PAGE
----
Review Summary: A combination of all Eluvium work to date, Copia is Matthew Cooper's best effort, mixing melody with ambience in a perfect blend.
Symphonic band music has been a part of my life for a very long time. Before Sputnik, before I began writing, before I really listened to music I enjoyed rather than standard radio fare, I was in a concert band. Yes, it was a middle school concert band, but it always played an important part of my life because I put so much time into it. As I have evolved as a musician and understanding music theory, symphonic band music becomes more and more interesting to me throughout the years. Now in high school, in what the Pennsylvania Music Educators Association selected as the only high school band in the state to perform at their annual festival, I find myself playing extremely challenging music with musical ideas brand new to me. I always enjoy the tone pieces, the ballads. The beauty that music composed of whole notes and half notes can produce is nothing short of breathtaking, especially when played right. The suspensions and releases, which occur on every measure, every beat, make everything so interesting and amazing. So it is no surprise that I love Eluvium’s latest effort, Copia. It takes all of his previous material, the ambient work of Talk Amongst the Trees and the classical piano work from An Accidental Memory in the Case of Death, and smashes it all together in a mesh of beauteous melodies and warm, fluffy chords.
Copia is Eluvium’s 4th full length album, coming just 6 months after his last EP, When I Live by the Garden and the Sea. The EP hinted at a new evolution in his sound, bringing more prominent melodies to his ambient work. Copia is the full realization of that sound. Talk Amongst the Trees presented beautiful, trance-inducing ambience, but Copia takes the same quality ambience and adds even more to it. Matthew Cooper, the man behind Eluvium, makes it even easier to call him the next Brian Eno. Although he has always resorted to textural synth sounds to create his soundscapes, Cooper incorporates some brass and other new voices into his music to make much more variation on the album. Copia is, altogether, Cooper’s greatest effort. The album sounds as though it took years and years of refinement, and it is truly remarkable that Cooper made this in only 6 months. Amreik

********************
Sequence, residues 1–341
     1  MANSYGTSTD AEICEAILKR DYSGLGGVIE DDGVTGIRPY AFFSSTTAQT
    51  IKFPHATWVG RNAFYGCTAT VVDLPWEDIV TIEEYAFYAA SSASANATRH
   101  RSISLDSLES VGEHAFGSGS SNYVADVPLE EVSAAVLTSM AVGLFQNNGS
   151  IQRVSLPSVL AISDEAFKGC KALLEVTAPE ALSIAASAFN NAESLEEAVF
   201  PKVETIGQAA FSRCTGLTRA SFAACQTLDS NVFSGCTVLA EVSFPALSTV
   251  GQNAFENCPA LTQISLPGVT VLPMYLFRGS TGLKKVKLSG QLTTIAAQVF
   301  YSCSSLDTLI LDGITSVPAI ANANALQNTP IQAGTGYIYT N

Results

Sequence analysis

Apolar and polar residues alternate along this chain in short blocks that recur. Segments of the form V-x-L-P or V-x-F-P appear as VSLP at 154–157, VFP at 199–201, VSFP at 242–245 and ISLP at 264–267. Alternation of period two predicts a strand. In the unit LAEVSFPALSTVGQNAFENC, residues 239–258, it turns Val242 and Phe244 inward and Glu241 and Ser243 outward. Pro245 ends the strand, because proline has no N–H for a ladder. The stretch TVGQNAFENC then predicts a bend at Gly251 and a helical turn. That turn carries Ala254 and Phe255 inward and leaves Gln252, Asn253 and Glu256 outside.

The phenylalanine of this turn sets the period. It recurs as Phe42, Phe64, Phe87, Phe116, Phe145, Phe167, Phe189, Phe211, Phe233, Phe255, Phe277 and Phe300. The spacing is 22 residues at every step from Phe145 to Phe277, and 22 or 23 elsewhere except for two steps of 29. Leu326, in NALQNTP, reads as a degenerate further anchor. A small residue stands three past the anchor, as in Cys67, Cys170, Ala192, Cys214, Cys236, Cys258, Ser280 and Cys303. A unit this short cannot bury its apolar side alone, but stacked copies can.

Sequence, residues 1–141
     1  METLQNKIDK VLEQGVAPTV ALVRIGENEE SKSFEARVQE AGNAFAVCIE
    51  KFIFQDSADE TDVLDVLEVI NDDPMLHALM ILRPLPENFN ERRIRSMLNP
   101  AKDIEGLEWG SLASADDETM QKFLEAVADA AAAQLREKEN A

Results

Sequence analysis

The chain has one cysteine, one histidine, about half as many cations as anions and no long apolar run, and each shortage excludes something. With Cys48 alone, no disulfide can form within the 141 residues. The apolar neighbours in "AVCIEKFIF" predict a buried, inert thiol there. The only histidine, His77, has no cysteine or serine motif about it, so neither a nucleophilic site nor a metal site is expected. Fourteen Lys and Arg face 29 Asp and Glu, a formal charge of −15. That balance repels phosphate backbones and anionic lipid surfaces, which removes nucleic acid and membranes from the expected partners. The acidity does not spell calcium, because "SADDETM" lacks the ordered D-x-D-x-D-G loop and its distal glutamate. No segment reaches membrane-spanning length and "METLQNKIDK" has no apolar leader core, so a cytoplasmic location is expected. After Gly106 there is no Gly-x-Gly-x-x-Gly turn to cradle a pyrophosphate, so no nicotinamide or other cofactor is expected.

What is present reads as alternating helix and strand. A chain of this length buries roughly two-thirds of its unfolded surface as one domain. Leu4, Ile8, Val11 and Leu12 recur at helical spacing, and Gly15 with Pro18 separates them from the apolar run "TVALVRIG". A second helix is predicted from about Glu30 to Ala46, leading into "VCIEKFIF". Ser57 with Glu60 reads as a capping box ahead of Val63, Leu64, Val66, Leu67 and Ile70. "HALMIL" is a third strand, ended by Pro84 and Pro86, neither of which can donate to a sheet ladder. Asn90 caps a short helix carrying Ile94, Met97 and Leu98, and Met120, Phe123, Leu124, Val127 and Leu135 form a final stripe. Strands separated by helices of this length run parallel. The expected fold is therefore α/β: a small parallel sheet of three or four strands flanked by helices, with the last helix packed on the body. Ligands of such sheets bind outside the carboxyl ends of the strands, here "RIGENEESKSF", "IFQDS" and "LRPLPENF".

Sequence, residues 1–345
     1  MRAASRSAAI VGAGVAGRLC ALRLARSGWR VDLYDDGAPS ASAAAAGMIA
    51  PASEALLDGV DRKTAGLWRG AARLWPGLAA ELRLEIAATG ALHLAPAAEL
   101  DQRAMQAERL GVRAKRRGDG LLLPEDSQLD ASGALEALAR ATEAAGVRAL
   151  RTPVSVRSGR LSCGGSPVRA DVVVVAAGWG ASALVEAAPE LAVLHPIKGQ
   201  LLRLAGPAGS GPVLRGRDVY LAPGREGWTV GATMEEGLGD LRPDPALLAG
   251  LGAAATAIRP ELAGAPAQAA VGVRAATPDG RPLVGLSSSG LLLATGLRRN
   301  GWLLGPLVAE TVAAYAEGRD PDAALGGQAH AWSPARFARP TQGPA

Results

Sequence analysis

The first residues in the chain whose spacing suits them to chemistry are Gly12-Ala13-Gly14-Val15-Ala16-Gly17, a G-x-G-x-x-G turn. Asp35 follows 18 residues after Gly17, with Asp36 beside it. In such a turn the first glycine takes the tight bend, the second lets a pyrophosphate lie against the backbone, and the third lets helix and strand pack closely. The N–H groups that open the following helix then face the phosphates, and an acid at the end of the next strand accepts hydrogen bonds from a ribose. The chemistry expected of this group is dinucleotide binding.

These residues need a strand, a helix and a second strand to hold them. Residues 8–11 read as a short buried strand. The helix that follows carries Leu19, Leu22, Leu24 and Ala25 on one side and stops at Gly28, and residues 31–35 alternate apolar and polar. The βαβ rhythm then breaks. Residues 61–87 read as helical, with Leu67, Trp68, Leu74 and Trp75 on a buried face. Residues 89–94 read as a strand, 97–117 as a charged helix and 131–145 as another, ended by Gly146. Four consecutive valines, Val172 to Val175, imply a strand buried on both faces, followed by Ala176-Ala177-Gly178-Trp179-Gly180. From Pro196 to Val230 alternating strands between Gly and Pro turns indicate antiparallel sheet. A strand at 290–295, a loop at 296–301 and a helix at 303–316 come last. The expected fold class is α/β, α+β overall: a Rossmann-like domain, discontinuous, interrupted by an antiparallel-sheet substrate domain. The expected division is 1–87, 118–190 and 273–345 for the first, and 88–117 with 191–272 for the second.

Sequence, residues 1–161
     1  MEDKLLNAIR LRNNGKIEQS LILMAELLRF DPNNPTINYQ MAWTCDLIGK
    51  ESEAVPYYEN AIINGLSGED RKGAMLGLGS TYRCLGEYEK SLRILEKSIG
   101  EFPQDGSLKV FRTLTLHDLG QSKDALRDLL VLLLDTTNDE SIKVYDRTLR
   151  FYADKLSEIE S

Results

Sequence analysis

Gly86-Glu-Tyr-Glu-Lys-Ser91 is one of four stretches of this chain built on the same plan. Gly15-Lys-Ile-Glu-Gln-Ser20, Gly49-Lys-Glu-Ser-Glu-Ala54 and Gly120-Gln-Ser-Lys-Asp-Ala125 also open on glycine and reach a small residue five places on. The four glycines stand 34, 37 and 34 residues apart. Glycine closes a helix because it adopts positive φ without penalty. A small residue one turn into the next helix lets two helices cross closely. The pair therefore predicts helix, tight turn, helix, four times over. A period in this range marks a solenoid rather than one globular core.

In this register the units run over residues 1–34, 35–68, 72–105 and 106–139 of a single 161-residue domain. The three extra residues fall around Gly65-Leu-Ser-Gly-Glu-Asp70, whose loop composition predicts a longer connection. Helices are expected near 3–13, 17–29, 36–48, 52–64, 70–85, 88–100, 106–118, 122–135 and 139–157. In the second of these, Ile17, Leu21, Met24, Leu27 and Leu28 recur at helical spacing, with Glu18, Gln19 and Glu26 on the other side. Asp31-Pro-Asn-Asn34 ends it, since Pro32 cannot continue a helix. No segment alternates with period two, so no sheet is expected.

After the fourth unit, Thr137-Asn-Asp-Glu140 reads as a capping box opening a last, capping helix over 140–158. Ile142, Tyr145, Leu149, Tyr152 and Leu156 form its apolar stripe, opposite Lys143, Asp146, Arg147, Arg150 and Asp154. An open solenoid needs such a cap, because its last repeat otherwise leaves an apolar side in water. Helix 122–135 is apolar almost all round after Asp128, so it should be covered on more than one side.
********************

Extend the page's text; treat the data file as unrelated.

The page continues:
begins the album with something a bit more familiar, much more like the music from Talk Amongst the Trees. The new synth brass sound makes an appearance, adding new color to the music. Its tone color sticks out of the gooey texture of the underlying chords.
is simply an introduction to the rest of the album, and Indoor Swimming at the Space Station
truly begins the album on an epic note. It fades in like a redo of Taken
, one of Cooper’s greatest songs, but the tone color and style of the song ends up completely different. Instead of growing at a dragging tempo, Cooper puts an uptempo piano groove in the background to drive the song through its 10 minute stretch. Moreover, unlike his previous longer efforts, Cooper allows for melodies to take the forefront, the main melody here being a synthesized string voice. Cooper’s melodies are always simple but catchy and they fit the chords perfectly. The trance effect of his music is not lost in the song, but it is more enjoyable to listen to intently. Prelude for Time Feelers
inverts the formula for Indoor Swimming at the Space Station
. Instead, the piano takes the forefront, beginning on its own. Cooper’s circular melody piano style makes a return, repeating itself over and over. As the song progresses, the textural chords add in to provide support for the piano melody. Eventually, the melody meshes into the overall sound, but it is always audible and the most prominent voice. Prelude for Time Feelers
represents the most growth of any Eluvium song, as it grows to an immense wall of sound by its conclusion.
Throughout the rest of the album, Cooper presents more and more new voices as well as expanding on formulas presented earlier on the album. Reciting the Airships
makes another piano and ambient combination, with a more rhythmic feel out of the piano and the most beautiful chords on the album. Ostinato
is a masterful song full of brilliant organ chords. Like a funeral dirge, Ostianto
crawls along with the organ leading the way and cello entering color tones to the already interesting organ chords. Hymn #1
envisions a simple hymn played while sitting by a waterfall, while Radio Ballet
puts the listener at an upper class piano recital. Still, nothing can prepare the listener for the closing Repose in Blue
. Although musically just another textural drone beauty, Cooper creates a grand atmosphere for a closer. He orchestrates a fireworks show in the middle of the song. Literally. After listening to such a grand album, the fireworks enter and it is glorious, so fitting, and brilliant. Copia is a vast album full of different voices and styles, but still, it all belongs together. Musically, everything evolves from Eluvium’s previous work and it features a true album opener and closer. Copia is Cooper’s greatest work to date, but it leaves even more roads for him to take.
Indoor Swimming at the Space Station
Seeing You Off the Edges
Prelude for Time Feelers
Reciting the Airships